Thursday, July 21, 2016

Mano A Mano

Mano A Mano is a gay men's chorus in Cuba and said to be the first of its kind in the island country. The two-year-old group was launched by Fort Lauderdale filmmaker Fermin Rojas. Since June, the group has been on a US tour and performing with other gay choruses including the Gay Men's Chorus of Los Angeles. The Cuban choir's last US stop is in Fort Lauderdale where they will perform with the Gay Men's Chorus of South Florida. I wrote a preview of that July 23 event for my paper the Sun Sentinel. The Cuban guy sing in English and Spanish and sometimes put a Latin twist on pop songs such as Culture Club's Karma Chameleon and Queen's Bohemian Rhapsody.

Monday, July 18, 2016

beer geeks

South Florida was late to the craft beer party but that hasn't stopped craft connoisseurs from getting all geeky about their brewskies. I recently wrote a story about South Florida's over-the-top love of  craft beer.

Below is a bottle of Lemon Merengue Pie Blonde Ale that Miami beer geek Will Freyre posted on his Instagram account:  @hopspost






Thursday, July 14, 2016

Five things I like about the Fiat 500




It's been almost a year since I bought my little Fiat 500 Pop. I thought I'd list some of the things that I enjoy about my Italian hatchback since people often ask me about it on my daily travels.

1. It's tiny:  Big things come in small Italian cars. This little bugger can pretty much squeeze into any parking space (especially in car-congested South Beach and downtown Miami.)

But when you fold the backseats forward, the car is surprisingly roomy. The car has about the same exterior dimensions as the first Honda Civic hatchback from 1973 but my Fiat feels spacious inside.

It's  big enough to fit my father's wheelchair in the back.  I'm five-feet-10-inches tall and weigh about 170 pounds and three of my guy friends who are more or less the same height (okay, maybe an inch taller and thinner that me) fit comfortably in the car with me in the driver's seat.  On date night, my boyfriend and I usually take my car because it really fits anywhere.  To me, FIAT stands for FITS IN ALL TINY spaces.

2. Headturner:  Several times a week, curious admirers ask me about my copper colored 500 when I pull into a parking space or pull up to the Dunkin' Donuts drive-thru in Fort Lauderdale.  The car literally turns heads.  "Beautiful little car,'' one woman said as I hopped into the car outside Publix. "How is your Fiat treating you? I had one in college," a business man asked me this past week as I parked at my work's parking garage in downtown Fort Lauderdale.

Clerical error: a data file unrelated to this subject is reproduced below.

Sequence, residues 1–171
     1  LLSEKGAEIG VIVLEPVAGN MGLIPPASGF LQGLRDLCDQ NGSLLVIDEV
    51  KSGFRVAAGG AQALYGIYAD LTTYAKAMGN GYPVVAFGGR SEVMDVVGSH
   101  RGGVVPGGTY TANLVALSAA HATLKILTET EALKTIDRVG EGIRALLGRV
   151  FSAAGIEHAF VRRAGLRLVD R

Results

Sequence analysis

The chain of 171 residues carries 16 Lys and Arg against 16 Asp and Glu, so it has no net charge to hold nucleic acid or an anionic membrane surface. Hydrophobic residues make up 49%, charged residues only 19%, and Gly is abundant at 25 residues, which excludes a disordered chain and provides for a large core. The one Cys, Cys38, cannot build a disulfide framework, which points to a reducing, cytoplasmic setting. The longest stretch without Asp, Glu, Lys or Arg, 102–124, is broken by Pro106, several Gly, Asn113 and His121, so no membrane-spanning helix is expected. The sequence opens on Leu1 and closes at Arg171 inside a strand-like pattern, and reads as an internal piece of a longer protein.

3. Gas-friendly:  I commute weekdays from Coral Gables to Fort Lauderdale, which is at least 70 miles a day, sometimes more depending on my assignments.  A full-tank costs me $21 and lasts me four and half days. I average almost 300 miles on a full-tank what has 10 gallons.

4. Design:  I like to joke to people that I feel like I'm inside a beautifully-detailed Italian purse on four wheels.  The dashboard has beige, brown and orange accents. The seats are sewn in espresso brown material.  The steering wheel is a cream-hued faux leather.  The head rests are perfectly-shaped ovals. With its egg (or coffee bean) shape, the car sits high, tall.


5. Peppy engine:  The car has a 1.4 litre engine that hums at 101 horsepower. That doesn't sound like much but the engine is zippy, peppy. I can easily maneuver inbetween cars on Interstate 95 when I switch lanes although I have to punch the pedal and give it gas.



(that's me below sitting in the backseat.)






Thursday, June 30, 2016

Shark talk

I appeared on the Fernand R. Amandi Show on WIOD 610 AM this morning to talk about some of my stories including how every week is shark week in South Florida, the art of eyegazing and whether Miami is really the worst place to live as one recent study reported this week.

On his show, Fernand playfully cues the Jaws theme in whenever the topic of Donald Trump comes up in conversation which is daily.

That Jaws association has led to some Internet memes and posters including this one below that Fernand's show Tweeted out this morning.

It was a fun 10 minutes of talk radio.

Click here to hear me talk (and giggle) on the broadcast.

And here's a recent feature I wrote about Fernand and how he took over the midmorning slot on WIOD from Rick Sanchez.

















Tuesday, June 28, 2016

Shark invasion

When you live in South Florida, it's hard to escape sharks.